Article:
Scientists and engineers at Rice University have engineered living bioelectronic sensors based on bacteria that can quickly sense and report on the presence of a variety of contaminants.

A team led by Rice synthetic biologists Caroline Ajo-Franklin and Jonathan (Joff) Silberg and lead authors Josh Atkinson and Lin Su, both Rice alumni, developed living bioelectronic sensors which can be programmed to identify chemical invaders and report within minutes by releasing a detectable electrical current. 

Their study in Nature shows that such “smart” devices could power themselves by scavenging energy in the environment as they monitor conditions in settings like rivers, farms, industry and wastewater treatment plants and to ensure water security, according to the researchers.

Buffalo Bayou Park

Source: Michael Carera

Buffalo Bayou Park

The environmental information communicated by these self-replicating bacteria can be customized by replacing a single protein in the eight-component, synthetic electron transport chain that gives rise to the sensor signal.

“I think it’s the most complex protein pathway for real-time signaling that has been built to date,” said Silberg, director of Rice’s Systems, Synthetic and Physical Biology PhD Program.

“To put it simply, imagine a wire that directs electrons to flow from a cellular chemical to an electrode, but we’ve broken the wire in the middle. When the target molecule hits, it reconnects and electrifies the full pathway.”

Ajo-Franklin said: “It’s literally a miniature electrical switch. You put the probes into the water and measure the current. It’s that simple. Our devices are different because the microbes are encapsulated. We’re not releasing them into the environment.” 

The methods used

The researchers’ proof-of-concept bacteria was Escherichia coli, and their first target was thiosulfate, a dichlorination agent used in water treatment that can cause algae blooms. They collected water from Galveston Beach and Houston’s Brays and Buffalo bayous.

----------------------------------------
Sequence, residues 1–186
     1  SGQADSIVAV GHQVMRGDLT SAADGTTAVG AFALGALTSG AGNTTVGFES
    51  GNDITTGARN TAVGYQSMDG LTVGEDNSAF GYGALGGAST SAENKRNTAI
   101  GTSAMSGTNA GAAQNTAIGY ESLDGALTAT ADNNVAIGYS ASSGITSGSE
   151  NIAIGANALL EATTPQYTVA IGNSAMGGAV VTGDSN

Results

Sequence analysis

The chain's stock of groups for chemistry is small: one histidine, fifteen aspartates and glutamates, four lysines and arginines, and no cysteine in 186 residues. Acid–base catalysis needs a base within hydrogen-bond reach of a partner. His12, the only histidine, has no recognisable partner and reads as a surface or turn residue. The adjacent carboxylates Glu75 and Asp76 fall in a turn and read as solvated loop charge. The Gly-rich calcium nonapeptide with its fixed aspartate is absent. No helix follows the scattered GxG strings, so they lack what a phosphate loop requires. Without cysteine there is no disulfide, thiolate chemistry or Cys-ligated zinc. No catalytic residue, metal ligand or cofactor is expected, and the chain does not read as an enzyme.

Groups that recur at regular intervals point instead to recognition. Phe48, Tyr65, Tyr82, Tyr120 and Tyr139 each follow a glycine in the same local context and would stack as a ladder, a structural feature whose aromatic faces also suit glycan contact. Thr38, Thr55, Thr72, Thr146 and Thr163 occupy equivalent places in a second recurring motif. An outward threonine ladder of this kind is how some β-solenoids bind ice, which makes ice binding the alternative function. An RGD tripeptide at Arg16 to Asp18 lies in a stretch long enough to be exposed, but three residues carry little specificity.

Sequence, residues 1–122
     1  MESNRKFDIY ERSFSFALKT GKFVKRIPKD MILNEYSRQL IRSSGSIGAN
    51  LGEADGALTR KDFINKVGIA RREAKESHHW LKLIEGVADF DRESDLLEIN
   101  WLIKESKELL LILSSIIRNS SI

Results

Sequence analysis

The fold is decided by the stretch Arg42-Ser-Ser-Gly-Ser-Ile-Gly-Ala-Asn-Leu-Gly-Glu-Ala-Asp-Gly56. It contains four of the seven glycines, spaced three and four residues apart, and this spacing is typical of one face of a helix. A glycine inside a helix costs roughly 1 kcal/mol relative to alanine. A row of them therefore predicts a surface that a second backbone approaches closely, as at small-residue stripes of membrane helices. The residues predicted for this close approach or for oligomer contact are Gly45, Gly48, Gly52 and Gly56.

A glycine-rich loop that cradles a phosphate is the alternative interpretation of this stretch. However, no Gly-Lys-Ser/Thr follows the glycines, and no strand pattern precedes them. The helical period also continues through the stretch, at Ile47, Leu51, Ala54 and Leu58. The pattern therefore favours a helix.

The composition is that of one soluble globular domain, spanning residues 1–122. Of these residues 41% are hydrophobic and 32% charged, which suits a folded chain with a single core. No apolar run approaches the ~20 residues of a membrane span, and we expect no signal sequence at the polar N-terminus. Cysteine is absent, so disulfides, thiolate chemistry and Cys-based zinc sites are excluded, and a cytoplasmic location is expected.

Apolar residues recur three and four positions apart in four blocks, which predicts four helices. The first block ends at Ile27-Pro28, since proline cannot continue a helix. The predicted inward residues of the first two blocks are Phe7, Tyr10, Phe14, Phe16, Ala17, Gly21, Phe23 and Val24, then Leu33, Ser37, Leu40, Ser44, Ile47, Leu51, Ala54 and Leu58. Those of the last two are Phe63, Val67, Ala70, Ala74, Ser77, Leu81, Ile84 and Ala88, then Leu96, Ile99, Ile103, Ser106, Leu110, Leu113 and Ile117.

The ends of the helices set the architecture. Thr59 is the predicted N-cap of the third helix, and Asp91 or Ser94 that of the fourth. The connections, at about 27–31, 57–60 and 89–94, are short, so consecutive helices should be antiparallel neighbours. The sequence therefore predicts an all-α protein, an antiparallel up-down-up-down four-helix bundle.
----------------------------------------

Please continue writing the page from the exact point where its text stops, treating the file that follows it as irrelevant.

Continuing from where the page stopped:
At first, they attached their E coli to electrodes, but the microbes refused to stick in the presence of water

Enlisting co-author Xu Zhang, a postdoctoral researcher in Ajo-Franklin’s lab, they encapsulated sensors into agarose in the shape of a lollipop that allowed contaminants in but held the sensors in place, reducing the noise. 

With the physical constraints in place, the labs first encoded E coli to express a synthetic pathway that only generates current when it encounters thiosulfate. This living sensor was able to sense this chemical at levels less than 0.25 millimoles per liter, far lower than levels toxic to fish.

In another experiment, E. coli was recoded to sense an endocrine disruptor. This also worked well, and the signals were greatly enhanced when conductive nanoparticles custom-synthesized by Su were encapsulated with the cells in the agarose lollipop. The researchers reported these encapsulated sensors detect this contaminant up to 10 times faster than the previous state-of-the-art devices. 

Chance encounter

The study began by chance when Atkinson and Moshe Baruch of Ajo-Franklin’s group at Berkeley Lawrence National Laboratory set up next to each other at a 2015 synthetic biology conference in Chicago, with posters they quickly realized outlined different aspects of the same idea.

Within six months, the new collaborators won seed funding from the Office of Naval Research, followed by a grant, to develop the idea.

Silberg said the design’s complexity goes far beyond the signalling pathway.

“The chain has eight components that control electron flow, but there are other components that build the wires that go into the molecules,” he said. “There are a dozen-and-a-half components with almost 30 metal or organic cofactors. This thing’s massive compared to something like our mitochondrial respiratory chains.” 

Silberg said he sees engineered microbes performing many tasks in the future, from monitoring the gut microbiome to sensing contaminants like viruses, improving upon the successful strategy of testing wastewater plants for SARS-CoV-19 during the pandemic.

“Real-time monitoring becomes pretty important with those transient pulses,” he said. “And because we grow these sensors, they’re potentially pretty cheap to make.” 

To that end, the team is collaborating with Rafael Verduzco, a Rice professor of chemical and biomolecular engineering and of materials science and nanoengineering who leads a recent $2 million National Science Foundation grant with Ajo-Franklin, Silberg, bioscientist Kirstin Matthews and civil and environmental engineer Lauren Stadler to develop real-time wastewater monitoring.

Silberg said the Rice labs are working on design rules to develop a library of modular sensors. “I hope that when people read this, they recognize the opportunities,” he said.